UC Davis officials said the woman arrived on Feb. 19 but was not tested until Sunday. The hospital said that precautions had been put in place because of caregivers’ concerns about her condition and that a “small number” of employees had been asked to stay home and monitor their temperature.
Sacramento County Director of Health Services Peter Beilenson said the woman had been transferred to the hospital under virus containment protocols, but additional measures, such as isolation in a negative pressure room, which prevents air from escaping, were now in place.
Beilenson said he did not expect additional cases of the virus based on those in contact with the patient in Sacramento, where she is receiving treatment, but did expect more cases in Solano County, where she is from.
The woman was “in her community” for a number of days before accessing care, California Health and Human Services Secretary Dr. Mark Ghaly said.
Investigators are now working to identify and locate anyone who may have come in contact with the woman. The CDC has sent 10 staffers to help trace her contacts, officials said.
“Contact tracing is super important because it can help reduce transmission,” said Dr. Brandon Brown, an associate professor at the UC Riverside School of Medicine’s Center for Healthy Communities. “The worst-case scenario is that outside of close contacts — family, friends and coworkers — there were other people exposed to the virus in places where this person visited.”
The tracing will likely start with the infected patient’s family and coworkers, who would be isolated and tested, and then move out to those who might have come in casual contact with her in places she’s visited within the past two weeks, which is believed to be the incubation period of the virus.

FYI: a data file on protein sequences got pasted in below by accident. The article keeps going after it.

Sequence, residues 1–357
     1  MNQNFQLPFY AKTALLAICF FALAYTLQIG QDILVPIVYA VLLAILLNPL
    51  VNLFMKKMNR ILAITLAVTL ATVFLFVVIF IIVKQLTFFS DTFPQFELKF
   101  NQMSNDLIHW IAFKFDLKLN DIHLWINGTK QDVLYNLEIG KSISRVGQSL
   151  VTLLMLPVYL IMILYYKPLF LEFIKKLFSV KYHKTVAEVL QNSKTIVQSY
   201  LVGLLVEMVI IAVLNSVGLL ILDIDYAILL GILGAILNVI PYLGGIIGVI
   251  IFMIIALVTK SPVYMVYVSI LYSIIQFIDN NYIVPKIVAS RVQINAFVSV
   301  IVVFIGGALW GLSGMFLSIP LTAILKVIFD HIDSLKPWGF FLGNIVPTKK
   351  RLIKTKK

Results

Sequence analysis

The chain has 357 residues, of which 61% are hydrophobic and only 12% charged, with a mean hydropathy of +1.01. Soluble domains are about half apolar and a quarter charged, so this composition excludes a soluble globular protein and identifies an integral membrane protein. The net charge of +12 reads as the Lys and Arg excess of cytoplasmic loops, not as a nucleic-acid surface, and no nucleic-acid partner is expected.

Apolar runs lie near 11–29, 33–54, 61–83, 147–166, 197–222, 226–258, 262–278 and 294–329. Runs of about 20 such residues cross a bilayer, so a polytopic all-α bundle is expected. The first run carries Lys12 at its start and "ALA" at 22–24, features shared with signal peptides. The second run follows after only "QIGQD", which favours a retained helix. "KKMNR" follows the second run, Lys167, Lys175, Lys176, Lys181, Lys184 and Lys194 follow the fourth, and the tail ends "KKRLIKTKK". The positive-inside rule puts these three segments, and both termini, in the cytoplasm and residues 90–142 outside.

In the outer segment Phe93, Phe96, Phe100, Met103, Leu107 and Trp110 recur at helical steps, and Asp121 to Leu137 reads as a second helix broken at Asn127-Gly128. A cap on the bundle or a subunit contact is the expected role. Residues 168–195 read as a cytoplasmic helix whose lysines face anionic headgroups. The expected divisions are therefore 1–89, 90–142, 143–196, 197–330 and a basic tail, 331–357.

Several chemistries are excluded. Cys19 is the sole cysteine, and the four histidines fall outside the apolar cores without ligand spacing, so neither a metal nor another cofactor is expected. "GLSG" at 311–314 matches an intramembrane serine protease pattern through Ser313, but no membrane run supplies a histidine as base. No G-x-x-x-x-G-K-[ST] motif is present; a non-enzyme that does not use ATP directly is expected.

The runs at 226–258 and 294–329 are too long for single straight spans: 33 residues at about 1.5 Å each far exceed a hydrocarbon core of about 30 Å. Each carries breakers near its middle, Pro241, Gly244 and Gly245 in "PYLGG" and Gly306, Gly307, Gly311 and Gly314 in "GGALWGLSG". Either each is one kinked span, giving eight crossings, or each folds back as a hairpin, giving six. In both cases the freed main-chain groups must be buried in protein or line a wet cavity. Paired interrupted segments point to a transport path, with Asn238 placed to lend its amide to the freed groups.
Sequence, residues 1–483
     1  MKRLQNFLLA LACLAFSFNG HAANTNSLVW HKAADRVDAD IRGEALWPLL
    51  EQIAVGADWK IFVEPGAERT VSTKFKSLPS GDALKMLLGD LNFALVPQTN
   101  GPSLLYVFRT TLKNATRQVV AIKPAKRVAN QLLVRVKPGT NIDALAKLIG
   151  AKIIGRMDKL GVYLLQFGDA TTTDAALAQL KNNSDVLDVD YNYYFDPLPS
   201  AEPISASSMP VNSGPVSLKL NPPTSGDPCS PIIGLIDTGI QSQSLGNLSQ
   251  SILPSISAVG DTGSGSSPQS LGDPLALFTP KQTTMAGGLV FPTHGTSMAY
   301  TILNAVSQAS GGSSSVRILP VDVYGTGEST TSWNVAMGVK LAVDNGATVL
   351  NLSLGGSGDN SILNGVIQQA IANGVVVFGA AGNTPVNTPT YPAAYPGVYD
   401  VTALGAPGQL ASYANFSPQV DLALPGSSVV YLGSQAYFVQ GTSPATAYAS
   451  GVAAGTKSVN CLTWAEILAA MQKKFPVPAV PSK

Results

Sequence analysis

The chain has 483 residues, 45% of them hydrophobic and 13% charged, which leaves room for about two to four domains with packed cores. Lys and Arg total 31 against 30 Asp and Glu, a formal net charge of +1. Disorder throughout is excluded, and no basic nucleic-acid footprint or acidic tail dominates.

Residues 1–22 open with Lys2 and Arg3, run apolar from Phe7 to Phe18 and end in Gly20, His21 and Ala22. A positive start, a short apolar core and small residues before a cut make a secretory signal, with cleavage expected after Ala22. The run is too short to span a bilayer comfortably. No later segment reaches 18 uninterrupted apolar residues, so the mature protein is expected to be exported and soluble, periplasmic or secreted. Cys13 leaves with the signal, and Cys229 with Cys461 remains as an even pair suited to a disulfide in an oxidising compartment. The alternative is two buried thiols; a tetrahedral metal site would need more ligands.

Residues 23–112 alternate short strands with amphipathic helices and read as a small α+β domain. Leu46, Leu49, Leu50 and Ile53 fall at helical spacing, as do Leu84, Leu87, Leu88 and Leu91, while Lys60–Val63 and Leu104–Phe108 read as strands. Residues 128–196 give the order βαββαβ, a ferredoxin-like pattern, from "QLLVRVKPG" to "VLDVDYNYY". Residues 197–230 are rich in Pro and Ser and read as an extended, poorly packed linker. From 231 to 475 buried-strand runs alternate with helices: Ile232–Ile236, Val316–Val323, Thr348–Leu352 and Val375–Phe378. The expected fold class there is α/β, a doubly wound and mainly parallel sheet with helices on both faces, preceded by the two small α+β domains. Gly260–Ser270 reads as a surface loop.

In order to identify individuals who came into contact with the woman at the hospital, Northbay VacaValley officials sifted through medical records to see which clinicians entered her room. Additionally, three days’ worth of security footage from 8 p.m. Feb. 15 to mid-morning Feb. 19 were scoured to ensure that all visitors and non-clinicians – like workers who brought in food trays or refilled bathroom supplies – were tallied.
Sacramento County health officials said that dozens of people might be quarantined at home based on having contact with the woman. UC Davis spokesman Steve Telliano disputed that the number could be higher than 70 but refused to say if more or fewer people were quarantined.
Steve Huddleston, vice president of public affairs of NorthBay Healthcare, said that the quarantine affected dozens connected to the hospital.
Huddleston said that the hospital staff is comprised of about a couple hundred. Those employees who have been home, due to quarantine or unrelated matters, have been backfilled.
On Friday afternoon, Makayla Lara, 20, sipped iced green tea on the porch of a Starbucks that’s a short walk from Northbay VacaValley Hospital, the first medical facility to care for the first community-based case of the coronavirus in the United States. (The woman is now under treatment at UC Davis Medical Center in Sacramento.)